and when we ask him to explain
he does, and we are impressed
with his knowledge and awed
by the greenness in his eyes as
he speaks, a greenness I believe
neither of us had ever seen before
as likewise we had not yet seen
the greenness in a field of ripening
lespedeza, Grandfather standing
at it’s edge with his hands in the
back pockets of his overalls, Father
beside him listening, maybe as
intently as we listened, my brother
and I… (Swallowing the Soap 426)
So we have these three instances of this plant, in three poems spanning Kloefkorn’s long career. Just like when we look at plants in the wild, it makes sense to look at their surroundings, their associations, the meanings and usages.
In the first poem, from Alvin Turner, the lespedeza is surrounding by reflections about the purpose and strangeness of poetry. Why should a dirt farmer bother with something like poems? But then, the poet reminds us, what isn’t strange? To breathe the blooms of flowers, to be warmed by a fire—to find pleasure in the solid and recognized world—surely that is a good enough reason for poetry.
Then we have the image of Anna, the beloved wife of the homesteader Jacob, in whose voice the poem is written. Here lespedeza is in the glint of Anna’s eyes—in the future that holds a farm (“row on row of maize”), and pasture, and children. The corn is connected to the pasture by the sound of the words, and both are connected to the marriage and the marriage to the place by the unclear syntax. Is “hands of children” an addition to the list of what is glinting in Anna’s eyes? Or is the lespedeza itself “the hands of children” by metaphor, and by extension of the energy provided by these plants to the animals. It is this larger economy of energy and life that this young couple enters with their love.
And finally, the poet as an old man remembers being young, remembers his own father (in the memory much younger than the poet who speaks now, but old to the child he was then). In this poem, the boys are in a junkyard, and ask about a singletree. His father explains its purpose and opens up in a way that is unusual, that brings out the greenness in his eyes and in turn opens up a possibility for the old poet looking back. Now the poet can imagine his own father a boy, with his grandfather as a man, and the greenness of the eye is now the greenness of the lespedeza. That lespedeza is now the object of knowledge, occupying the same place as the singletree for the boys, and as poem for the poet, where we are able to “find more than we are looking for.”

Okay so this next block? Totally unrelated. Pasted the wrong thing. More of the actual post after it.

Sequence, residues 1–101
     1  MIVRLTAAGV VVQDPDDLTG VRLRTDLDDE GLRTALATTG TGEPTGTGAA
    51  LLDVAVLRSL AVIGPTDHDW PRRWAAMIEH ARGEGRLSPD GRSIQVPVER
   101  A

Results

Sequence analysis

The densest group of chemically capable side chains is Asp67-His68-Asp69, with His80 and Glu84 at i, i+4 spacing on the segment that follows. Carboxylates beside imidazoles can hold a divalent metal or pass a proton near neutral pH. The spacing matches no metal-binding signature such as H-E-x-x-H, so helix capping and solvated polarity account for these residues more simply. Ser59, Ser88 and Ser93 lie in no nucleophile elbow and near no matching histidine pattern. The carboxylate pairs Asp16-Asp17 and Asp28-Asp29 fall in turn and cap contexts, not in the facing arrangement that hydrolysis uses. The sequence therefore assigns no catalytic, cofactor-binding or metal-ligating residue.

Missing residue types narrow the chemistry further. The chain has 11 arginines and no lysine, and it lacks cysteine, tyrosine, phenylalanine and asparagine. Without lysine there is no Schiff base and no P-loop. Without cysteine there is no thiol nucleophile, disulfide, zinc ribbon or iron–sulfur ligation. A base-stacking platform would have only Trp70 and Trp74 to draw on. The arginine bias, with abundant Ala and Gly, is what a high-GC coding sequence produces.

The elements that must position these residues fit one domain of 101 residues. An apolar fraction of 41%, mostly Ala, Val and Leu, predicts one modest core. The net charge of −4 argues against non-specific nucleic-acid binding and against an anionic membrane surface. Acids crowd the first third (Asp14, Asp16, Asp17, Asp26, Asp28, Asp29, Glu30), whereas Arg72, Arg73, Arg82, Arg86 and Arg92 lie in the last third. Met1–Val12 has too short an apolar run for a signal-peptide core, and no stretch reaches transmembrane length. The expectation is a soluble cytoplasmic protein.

So lespedeza for Kloefkorn is closely related to eyes and to breath. With both the eyes and with our breath we take in the world. But we can do so ignorantly, or we can do so with recognition. The naming of lespedeza seems to suggest that recognition of the life around us is worthy of knowledge. And that knowledge comes from generational contact, from learning from those who have come before and who know the names of things and the uses. In this way, the bioregion and the family are brought together: the family is located in a place full of life. And that life is made meaningful, made known, through the delicate and inevitable mechanisms of family. Kloefkorn’s poetry itself can play that role, extending the family tie outward, generalizing it and making it communal. Now we too have learned about the world—about lespedeza—from the father in the poem. We enter into the generational knowledge of place, of the bioregion around us. And so poetry, perhaps, can help us all belong.
Many thanks go to Aubrey Streit Krug and Daniel Uden, both Graduate Fellows at the Center for Great Plains Studies at UNL, for their invaluable and enthusiastic help in tracking down and providing knowledge of the Lespedeza species. —Daniel Clausen
Klinkenborg, Verlyn. Several Short Sentences About Writing. New York: Vintage, 2013.
Kloefkorn, William. Swallowing the Soap: New and Selected Poems. Lincoln: U of Nebraska P, 2010.
Lynch, Tom, Cheryl Glotfelty, and Karla Armbruster. The Bioregional Imagination: Literature, Ecology, and Place. Athens: U of Georgia P, 2012.